Monday, October 13, 2008


My friend at work likes to make jewelry. Beads are to her what lenses are to me. We have many discussions over lunch about our respective passions, and how important it is to have something that serves so many purposes in your life (joy, time-killer, independence producer, escape, etc.). She shares her passion with me by bestowing jewelry upon me way too often. I'm trying to share mine with her by creating photographs of her work for her. She gets bored after one iteration, so all of her pieces are original, one-of-a-kinds. I once asked her if she had photographs of them, so she could at least remember what she's done. Nope. She just makes 'em and moves on, but isn't that a great idea?

Since I'm learning more and more about studio work, I offered to try my hand at making images of her work. Turns out photographing jewelry is a lot harder than I thought. My lighting sucks on these and I don't do them justice, but I'm learning.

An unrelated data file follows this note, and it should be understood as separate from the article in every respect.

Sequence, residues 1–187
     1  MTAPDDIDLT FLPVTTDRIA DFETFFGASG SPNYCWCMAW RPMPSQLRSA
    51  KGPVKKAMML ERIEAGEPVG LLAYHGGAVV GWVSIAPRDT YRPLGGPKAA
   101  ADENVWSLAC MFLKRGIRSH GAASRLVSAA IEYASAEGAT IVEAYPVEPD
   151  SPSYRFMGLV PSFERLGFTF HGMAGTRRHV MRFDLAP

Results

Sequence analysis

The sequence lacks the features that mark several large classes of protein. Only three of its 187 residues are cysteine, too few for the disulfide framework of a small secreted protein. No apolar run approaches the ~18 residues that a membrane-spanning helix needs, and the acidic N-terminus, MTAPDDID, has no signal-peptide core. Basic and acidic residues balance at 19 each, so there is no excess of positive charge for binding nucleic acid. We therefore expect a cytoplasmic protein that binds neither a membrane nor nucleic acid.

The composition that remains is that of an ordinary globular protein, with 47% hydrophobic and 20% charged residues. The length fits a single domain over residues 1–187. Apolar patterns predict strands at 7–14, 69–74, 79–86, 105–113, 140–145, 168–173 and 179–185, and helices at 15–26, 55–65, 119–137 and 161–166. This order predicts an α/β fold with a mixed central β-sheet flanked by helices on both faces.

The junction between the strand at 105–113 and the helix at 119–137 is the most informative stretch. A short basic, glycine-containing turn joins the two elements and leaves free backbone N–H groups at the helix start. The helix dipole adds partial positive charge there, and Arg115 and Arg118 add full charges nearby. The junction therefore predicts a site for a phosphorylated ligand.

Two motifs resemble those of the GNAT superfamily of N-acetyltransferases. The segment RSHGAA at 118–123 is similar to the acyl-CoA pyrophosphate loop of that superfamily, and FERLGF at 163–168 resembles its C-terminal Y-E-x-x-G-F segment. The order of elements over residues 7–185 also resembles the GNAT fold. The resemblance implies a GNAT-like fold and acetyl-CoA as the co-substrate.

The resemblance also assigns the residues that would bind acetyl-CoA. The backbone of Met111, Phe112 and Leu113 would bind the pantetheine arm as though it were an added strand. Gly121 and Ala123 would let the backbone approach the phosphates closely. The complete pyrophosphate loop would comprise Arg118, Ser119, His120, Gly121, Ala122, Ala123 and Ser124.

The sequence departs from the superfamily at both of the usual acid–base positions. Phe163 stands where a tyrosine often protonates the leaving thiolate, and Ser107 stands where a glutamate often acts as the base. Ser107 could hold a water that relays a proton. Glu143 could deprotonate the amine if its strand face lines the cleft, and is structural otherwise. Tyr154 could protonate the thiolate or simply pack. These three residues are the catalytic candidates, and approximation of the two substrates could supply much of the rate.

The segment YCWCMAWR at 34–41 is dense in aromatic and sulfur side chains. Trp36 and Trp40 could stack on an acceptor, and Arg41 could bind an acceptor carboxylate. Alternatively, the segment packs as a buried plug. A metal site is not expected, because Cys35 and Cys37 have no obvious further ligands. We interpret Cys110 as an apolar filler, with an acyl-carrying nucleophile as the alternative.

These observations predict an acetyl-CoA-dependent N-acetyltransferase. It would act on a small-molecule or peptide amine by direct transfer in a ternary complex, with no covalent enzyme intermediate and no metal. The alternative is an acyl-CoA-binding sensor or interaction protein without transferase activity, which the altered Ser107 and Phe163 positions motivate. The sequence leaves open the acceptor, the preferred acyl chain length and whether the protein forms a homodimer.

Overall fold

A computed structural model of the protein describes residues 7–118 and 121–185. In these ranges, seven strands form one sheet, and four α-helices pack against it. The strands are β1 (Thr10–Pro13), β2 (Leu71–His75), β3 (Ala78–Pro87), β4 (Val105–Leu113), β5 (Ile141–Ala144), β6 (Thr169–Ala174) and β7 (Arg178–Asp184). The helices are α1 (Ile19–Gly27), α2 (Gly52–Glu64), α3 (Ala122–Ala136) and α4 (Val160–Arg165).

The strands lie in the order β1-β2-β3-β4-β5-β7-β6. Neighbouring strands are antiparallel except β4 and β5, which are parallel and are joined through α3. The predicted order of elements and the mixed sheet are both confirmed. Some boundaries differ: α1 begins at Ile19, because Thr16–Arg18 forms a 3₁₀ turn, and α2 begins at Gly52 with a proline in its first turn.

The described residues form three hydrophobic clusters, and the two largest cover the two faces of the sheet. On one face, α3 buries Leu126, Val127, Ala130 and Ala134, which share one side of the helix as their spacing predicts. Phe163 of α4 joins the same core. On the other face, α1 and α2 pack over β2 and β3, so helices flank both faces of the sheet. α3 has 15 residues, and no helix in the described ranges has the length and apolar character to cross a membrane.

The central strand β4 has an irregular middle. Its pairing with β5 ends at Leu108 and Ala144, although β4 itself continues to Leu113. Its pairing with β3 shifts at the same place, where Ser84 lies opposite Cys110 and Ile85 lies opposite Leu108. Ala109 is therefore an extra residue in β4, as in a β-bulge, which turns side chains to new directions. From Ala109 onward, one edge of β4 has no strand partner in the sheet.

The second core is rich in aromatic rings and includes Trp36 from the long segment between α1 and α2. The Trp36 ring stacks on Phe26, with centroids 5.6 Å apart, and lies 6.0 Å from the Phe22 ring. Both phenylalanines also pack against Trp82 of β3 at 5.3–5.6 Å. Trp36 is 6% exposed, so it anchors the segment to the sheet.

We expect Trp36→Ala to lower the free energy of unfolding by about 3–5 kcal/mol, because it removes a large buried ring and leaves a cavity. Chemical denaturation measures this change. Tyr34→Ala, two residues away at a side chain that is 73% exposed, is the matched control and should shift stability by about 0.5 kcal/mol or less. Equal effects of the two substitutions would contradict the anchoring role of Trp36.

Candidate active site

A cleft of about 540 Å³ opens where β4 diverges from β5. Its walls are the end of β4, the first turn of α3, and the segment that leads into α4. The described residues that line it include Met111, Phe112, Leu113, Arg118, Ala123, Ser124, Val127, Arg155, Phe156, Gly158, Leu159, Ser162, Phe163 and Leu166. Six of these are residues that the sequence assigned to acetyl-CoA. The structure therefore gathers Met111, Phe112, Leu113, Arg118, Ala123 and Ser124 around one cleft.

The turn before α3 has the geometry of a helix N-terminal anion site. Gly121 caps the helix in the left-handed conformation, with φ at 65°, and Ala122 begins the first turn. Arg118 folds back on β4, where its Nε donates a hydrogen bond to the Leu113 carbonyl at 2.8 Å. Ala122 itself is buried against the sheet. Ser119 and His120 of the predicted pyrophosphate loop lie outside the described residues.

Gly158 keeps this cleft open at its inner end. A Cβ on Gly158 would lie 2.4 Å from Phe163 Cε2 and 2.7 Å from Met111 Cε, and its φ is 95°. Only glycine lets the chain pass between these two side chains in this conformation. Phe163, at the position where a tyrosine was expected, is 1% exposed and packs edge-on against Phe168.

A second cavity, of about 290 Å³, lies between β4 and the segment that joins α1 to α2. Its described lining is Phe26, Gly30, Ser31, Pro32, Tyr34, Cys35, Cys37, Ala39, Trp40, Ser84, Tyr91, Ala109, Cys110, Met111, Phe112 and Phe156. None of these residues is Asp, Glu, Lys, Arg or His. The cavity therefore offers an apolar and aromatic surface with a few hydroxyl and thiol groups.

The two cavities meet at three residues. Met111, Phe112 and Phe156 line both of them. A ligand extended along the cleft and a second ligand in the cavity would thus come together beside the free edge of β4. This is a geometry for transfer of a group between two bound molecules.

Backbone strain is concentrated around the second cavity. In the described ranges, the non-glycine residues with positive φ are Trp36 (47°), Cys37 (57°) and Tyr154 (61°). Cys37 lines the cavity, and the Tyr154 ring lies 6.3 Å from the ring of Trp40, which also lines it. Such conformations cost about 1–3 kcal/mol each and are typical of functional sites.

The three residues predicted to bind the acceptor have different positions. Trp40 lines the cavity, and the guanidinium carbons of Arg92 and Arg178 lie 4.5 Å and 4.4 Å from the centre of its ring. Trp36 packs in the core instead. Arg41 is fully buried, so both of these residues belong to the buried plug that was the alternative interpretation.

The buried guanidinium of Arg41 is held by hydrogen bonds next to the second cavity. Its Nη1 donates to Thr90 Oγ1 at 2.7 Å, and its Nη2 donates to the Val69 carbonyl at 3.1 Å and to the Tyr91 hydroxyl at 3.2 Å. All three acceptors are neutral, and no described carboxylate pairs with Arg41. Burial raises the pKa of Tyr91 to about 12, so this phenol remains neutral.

I think my next Schiller's purchase will be a product box: essentially a little tent into which you place items you wish to photograph, and the tent serves to diffuse the light so you get a lovely, soft glow. No harsh highlights or flare or whathaveyou.

I have cropped these to a square format because my colleage makes her jewelry with another woman by the same name, so they call their designs J-Squared. Their business cards are square, and the boxes their pieces come in are square. I'm a kook for consistency, so I cropped the images to square, too.

I'm totally digging this "documentary photography" thing. What a great way to remember things and create a visual record.


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